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Temple Ruins

Temple Ruins

Just a quick note that +Follow Me, and Die! has posted an interview about my experiences with RPGs and our ongoing Roll20 campaign on his blog: Click here to read it.

Earlier this week, Richard LeBlanc shared his OSR time tracking tool on G+. It was an excellent resource, but not quite what I needed for my current campaign. Using his sheet as a model, though, I decided to create my own version optimized for dungeon exploration in the ongoing AD&D 1E campaign detailed elsewhere on this blog (I will likely create another specialized sheet the next time the group embarks on wilderness adventures). Creating the tracker specifically for my campaign allowed me to highlight those exploration activities I find myself most often needing to record as well as add sections for tracking rounds.

CurabelTimeTracker

Link to PDF: CurabelTimeTracker

Link to Adobe Illustrator File: Google Drive

Here is a quick explanation of the document’s contents:

  • The header allows the DM to record the date (both real and according to the in-game calendar), adventure location, and campaign session number. My own inclination is to use a new sheet each session. I make a quick G+ community post with various bookkeeping information the day after a session, and this tracker has already proven easier to use then tally marks on notebook paper (not to mention the greater granularity of information).
  • Below the header is the first major section of the sheet (each section being indicated by double horizontal lines). This first area is for recording the time spent on activities typically measured in turn increments. As with Richard’s sheet, I use six-piece pies (each representing one hour of in-game time divvied up into ten minute turns). However, instead of generic recording forms that could used for any activity, I went ahead and created dedicated subsections for the specific activities I tend to track: Exploration (i.e., movement), in-depth area searches, casual examination of areas, resting, treasure collecting, destroying doors, memorizing spells, ten round combats, and spells. A few of the activities I am less likely to mark as distinct activities are grouped based on the typical time they take to complete.
  • Next, the middle section of the sheet has areas to record activities that most often take place in increments of one round (i.e., minute) divvied up into blocks of ten — which would be equivalent to a pie slice in the upper area. I wanted somewhere to record this information in the tracker document because these one minute activities tend to add up but often happen in fractions of one turn. A great example of this are listening checks — if you have six rounds of combat and four listen checks spread across a four-hour gaming session, that’s equivalent to a turn and there should be an easy way to track that alongside those activities that are normally a full turn in length.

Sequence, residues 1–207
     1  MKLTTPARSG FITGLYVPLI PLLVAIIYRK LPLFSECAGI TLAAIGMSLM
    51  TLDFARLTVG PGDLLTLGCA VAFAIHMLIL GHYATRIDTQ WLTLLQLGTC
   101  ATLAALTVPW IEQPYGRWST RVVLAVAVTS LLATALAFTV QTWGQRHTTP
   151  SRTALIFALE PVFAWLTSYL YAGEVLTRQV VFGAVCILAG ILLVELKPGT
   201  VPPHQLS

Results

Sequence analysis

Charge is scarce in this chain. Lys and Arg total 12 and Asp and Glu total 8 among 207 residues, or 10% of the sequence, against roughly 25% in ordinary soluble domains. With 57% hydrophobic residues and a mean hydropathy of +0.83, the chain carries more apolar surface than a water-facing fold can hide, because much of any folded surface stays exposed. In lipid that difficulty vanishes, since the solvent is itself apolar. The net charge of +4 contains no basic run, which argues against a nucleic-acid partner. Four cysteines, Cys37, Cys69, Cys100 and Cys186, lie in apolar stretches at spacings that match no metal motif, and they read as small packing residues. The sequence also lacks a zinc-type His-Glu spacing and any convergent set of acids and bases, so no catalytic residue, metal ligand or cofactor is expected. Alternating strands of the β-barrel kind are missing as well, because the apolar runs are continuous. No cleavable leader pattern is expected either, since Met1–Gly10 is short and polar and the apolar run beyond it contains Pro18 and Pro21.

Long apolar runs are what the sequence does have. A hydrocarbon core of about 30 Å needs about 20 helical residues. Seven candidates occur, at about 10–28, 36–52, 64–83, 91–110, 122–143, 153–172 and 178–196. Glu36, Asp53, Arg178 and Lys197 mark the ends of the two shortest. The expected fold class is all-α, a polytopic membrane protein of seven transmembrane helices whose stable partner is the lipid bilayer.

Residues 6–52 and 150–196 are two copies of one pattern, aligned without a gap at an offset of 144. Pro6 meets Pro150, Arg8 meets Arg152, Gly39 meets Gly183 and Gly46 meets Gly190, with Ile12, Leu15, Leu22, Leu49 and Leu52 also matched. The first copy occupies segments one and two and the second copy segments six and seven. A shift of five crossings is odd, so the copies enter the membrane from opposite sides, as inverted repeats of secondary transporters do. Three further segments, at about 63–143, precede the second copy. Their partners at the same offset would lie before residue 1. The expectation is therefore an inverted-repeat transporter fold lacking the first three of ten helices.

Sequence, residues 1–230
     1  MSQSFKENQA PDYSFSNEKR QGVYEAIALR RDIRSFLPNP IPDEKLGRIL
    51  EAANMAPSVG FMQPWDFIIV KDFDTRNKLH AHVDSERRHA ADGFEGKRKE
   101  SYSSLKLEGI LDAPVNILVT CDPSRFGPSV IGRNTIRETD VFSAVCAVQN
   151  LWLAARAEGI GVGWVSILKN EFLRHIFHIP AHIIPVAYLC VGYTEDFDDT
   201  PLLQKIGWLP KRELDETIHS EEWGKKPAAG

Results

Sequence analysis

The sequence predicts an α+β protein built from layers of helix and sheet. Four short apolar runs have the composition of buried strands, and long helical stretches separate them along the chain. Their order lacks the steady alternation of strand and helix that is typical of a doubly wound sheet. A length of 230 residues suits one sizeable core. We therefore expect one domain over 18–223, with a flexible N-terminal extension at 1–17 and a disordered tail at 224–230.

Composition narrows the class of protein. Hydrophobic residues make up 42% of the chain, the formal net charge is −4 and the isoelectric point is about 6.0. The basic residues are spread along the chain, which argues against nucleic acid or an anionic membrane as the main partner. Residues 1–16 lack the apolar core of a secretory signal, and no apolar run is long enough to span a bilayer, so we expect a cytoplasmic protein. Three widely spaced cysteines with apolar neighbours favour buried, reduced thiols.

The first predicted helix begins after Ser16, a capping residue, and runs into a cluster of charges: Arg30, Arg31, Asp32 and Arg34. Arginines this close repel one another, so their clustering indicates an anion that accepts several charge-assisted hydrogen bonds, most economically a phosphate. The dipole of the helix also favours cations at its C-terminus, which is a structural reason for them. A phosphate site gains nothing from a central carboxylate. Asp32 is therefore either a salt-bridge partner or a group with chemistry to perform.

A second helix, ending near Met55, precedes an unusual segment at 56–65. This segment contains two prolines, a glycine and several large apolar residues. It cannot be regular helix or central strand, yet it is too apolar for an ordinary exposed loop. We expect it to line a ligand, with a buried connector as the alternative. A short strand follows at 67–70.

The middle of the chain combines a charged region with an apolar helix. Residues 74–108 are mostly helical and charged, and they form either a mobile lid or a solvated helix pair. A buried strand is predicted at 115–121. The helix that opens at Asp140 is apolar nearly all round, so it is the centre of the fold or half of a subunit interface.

• Finally, the bottom section of the document has places for recording the use of limited resources such as light, rations, water, and spells. Light and spells are setup to allow turn-based recording, while the rations and water are simple check-boxes since they are normally exhausted at a rate of one per day for each adventurer.

Fully aware that this document is derivative of Richard LeBlanc’s original and specialized to reflect the peculiarities of my campaign, I still hope there are some who find it useful.

Despite appearances, this blog is not dead and I will be posting regularly again shortly. This week there will be a new random generator for city directions (i.e., the party wants some mundane shop and you need to tell them how to get there) and then I will post the next entry in the session reports — we’re now up to 90 four-hour sessions (!) and beginning the campaign’s third calendar year (soon to be second year of play). Sorry for the long absence — if there’s anyone who cares — but I will always prioritize my DM responsibilities and sometimes that means this blog will suffer.

[This is the fifth post in a series dissecting the campaign ‘bible’ document I drafted while planning my AD&D 1e campaign. See here for an introduction to this series of posts. Technically, this installment should have dealt with the dwarven settlements on the island of Curasaur, but that is a more involved post given how the campaign has panned out so far and needs more time to draft.]

The First Problem with Elves, or “How Elrond Destroys History”

 

High Elf Warriors, by Adrian Smith